I'm not a Fiero owner anymore, but still have the itch to fix and modify stuff. So I started working on my 2002 VW Jetta TDI. It has the 1.9 liter turbo-diesel (engine code ALH), with a 5-speed manual gearbox. I've owned it since 2015. I do most of the maintenance myself. But recently I decided to kick things up a notch. In addition to basic maintenance, the Jetta will also be getting some upgrades.
Here's a quick overview of the car:
I decided to start by upgrading the suspension. The suspension bushings were getting old and tired. And the handling was starting to get sloppy. Part of the solution was to install Energy Suspension urethane sway bar bushings.
Stay tuned for more updates!
[This message has been edited by Blacktree (edited 05-02-2020).]
Shortly after replacing the sway bar bushings, I also replaced the rear axle beam bushings. The Jetta has a very simple rear suspension. The axle beam is a U-shaped piece that functions as both the control arms and the sway bar. So upgrading the bushings has the same effect as upgrading control arm bushings and sway bar bushings on a typical suspension.
I didn't want to completely remove the rear axle, so I did an "axle tilt" job, similar to the cradle tilt on a Fiero.
Altogether, I paid less than $100 for the sway bar and axle beam bushings. And they made a big improvement in handling. The car feels flatter in the turns, plus it tracks straighter on the highway. The rear end does pick up a little more road noise, but it's not obnoxious.
I had to put the upgrades on hold, to address a problem. The A/C compressor clutch decided to uninstall itself while I was driving the car. Thankfully the car has a belly pan under the engine, and it caught the parts. But the compressor clutch was damaged. Luckily, the compressor itself wasn't damaged. So I just had to replace the clutch.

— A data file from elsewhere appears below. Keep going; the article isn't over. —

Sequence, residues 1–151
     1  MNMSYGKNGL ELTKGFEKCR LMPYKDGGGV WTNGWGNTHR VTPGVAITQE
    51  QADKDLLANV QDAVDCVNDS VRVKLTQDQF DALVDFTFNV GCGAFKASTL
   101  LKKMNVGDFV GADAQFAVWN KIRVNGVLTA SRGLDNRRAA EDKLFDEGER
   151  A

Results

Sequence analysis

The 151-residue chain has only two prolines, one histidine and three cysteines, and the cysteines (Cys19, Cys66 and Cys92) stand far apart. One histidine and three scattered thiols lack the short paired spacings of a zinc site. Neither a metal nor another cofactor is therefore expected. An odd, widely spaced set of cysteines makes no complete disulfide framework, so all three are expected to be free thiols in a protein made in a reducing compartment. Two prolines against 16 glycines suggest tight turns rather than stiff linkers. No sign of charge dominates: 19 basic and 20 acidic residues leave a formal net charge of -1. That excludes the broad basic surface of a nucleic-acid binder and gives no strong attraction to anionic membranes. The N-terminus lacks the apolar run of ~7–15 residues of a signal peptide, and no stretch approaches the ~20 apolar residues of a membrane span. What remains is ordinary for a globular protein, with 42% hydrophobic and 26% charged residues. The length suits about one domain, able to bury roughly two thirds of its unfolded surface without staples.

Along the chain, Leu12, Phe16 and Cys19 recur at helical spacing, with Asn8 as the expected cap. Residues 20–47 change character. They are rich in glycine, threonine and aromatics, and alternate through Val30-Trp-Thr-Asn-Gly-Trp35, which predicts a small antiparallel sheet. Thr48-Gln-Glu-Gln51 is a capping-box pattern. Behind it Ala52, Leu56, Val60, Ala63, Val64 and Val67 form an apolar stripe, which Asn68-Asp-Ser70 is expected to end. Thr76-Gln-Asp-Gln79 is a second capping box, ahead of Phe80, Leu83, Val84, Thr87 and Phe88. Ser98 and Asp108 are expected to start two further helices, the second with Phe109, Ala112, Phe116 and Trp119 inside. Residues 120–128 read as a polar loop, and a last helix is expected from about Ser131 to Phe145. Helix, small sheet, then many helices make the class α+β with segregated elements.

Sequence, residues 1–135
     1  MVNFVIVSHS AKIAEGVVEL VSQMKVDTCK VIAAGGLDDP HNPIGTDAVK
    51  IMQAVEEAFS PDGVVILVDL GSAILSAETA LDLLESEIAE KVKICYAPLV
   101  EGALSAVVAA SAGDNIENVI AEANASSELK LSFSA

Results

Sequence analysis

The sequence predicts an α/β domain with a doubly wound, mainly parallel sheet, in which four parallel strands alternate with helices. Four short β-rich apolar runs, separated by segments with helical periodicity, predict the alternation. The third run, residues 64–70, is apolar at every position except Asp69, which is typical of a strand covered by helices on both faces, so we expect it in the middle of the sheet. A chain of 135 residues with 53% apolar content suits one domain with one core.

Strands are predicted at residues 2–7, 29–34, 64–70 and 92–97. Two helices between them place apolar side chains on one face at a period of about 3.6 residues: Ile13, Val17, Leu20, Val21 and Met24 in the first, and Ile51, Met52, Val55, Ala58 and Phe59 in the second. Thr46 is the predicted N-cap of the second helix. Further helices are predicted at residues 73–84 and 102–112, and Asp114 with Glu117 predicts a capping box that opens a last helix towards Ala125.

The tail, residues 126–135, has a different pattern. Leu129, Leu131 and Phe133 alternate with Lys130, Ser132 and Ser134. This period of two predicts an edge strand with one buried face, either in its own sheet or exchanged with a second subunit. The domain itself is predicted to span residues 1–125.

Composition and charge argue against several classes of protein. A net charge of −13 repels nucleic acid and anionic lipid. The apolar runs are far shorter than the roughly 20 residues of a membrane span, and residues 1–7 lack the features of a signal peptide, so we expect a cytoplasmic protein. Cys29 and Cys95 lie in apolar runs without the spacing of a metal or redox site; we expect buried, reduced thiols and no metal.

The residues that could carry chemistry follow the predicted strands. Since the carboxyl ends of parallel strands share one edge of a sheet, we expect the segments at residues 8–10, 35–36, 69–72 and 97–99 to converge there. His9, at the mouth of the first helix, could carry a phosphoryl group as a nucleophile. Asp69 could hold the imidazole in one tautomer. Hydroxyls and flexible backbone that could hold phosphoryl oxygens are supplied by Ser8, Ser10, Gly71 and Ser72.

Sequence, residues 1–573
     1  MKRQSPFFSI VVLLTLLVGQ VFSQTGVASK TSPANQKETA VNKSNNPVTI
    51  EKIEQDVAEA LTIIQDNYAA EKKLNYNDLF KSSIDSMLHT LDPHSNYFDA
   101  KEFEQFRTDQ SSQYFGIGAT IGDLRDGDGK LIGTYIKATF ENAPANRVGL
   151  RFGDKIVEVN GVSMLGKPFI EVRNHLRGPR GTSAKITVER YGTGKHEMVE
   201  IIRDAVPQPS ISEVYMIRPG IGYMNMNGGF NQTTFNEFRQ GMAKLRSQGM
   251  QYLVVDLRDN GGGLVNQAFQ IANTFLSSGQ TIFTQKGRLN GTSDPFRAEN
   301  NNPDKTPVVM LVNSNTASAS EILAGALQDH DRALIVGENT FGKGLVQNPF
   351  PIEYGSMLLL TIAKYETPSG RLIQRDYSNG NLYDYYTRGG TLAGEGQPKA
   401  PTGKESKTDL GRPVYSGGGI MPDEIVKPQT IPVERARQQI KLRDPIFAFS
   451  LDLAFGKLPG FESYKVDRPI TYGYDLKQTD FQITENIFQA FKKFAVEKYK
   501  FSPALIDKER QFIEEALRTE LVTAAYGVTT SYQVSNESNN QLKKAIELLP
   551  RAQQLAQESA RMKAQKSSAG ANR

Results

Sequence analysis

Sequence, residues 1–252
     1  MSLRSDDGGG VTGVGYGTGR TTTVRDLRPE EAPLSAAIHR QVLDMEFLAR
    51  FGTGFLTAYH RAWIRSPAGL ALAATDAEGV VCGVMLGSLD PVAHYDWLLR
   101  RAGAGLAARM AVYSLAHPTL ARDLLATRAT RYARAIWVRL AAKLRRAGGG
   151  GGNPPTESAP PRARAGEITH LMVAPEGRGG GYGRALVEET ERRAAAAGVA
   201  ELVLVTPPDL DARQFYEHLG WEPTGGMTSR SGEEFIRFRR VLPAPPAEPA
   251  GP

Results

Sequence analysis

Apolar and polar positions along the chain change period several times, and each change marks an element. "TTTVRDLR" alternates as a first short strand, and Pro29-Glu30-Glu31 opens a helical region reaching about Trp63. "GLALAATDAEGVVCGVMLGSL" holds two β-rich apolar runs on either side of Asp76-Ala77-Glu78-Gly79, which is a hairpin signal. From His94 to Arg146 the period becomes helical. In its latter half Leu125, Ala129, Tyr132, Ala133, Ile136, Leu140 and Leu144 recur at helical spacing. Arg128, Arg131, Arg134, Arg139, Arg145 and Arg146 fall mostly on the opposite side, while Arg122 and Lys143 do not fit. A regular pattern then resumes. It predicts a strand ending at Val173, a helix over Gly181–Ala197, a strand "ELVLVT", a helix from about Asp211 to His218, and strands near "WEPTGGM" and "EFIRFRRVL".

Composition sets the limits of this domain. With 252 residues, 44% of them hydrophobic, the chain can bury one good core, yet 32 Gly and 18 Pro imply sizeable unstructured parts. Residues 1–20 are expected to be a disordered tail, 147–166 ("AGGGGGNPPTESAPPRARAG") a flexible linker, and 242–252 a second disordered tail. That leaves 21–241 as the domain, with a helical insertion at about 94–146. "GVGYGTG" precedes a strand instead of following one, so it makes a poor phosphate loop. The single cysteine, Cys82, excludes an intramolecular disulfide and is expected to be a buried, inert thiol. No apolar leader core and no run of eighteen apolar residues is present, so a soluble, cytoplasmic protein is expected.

Apparently, this is a common problem. The nut that holds the clutch hub will back out, and the hub will fall off the compressor. So when I installed the new hub, I used a Nyloc nut.
[This message has been edited by Blacktree (edited 05-11-2020).]
A few years ago, I installed a light bar for fog lights. The first set of fog lights that I installed were kinda weak, so I replaced them with better ones. Now the new ones are so bright, they're blinding other drivers at night. Instead of swapping out the fog lights again, I decided to install a brightness control. LEDs don't respond very well to voltage changes, so I decided to use a PWM unit (pulsewidth modulation). It basically strobes the light, really fast. You can change the apparent brightness of the lights by changing the length of the on and off pulses.
Here's a video of the install:
[This message has been edited by Blacktree (edited 05-15-2020).]
I had to take a break from the upgrades (again) to fix another issue. The Jetta suddenly developed a nasty coolant leak. It took awhile to find it, because the faulty hose was hidden behind other stuff. The offending part was a short section of hose that connects between the cylinder head and a T-fitting, underneath the vacuum pump.
It's common for these engines to leak oil from the vacuum pump. And the pump is directly above that hose. The oil must have softened the rubber. I replaced the seal for the vacuum pump when I replaced the timing belt a few months ago. So this shouldn't be an issue anymore.
OK, back to the upgrades. I decided to install a PCV catch can, to reduce the amount of gunk buildup in the intake manifold. That's a common problem with direct injection engines, and even more of a problem with direct injected diesels. The oil vapors from the PCV system mix with soot from the exhaust gases in the EGR system to make a nasty black residue. It can build up so thick, it starts to choke off the engine.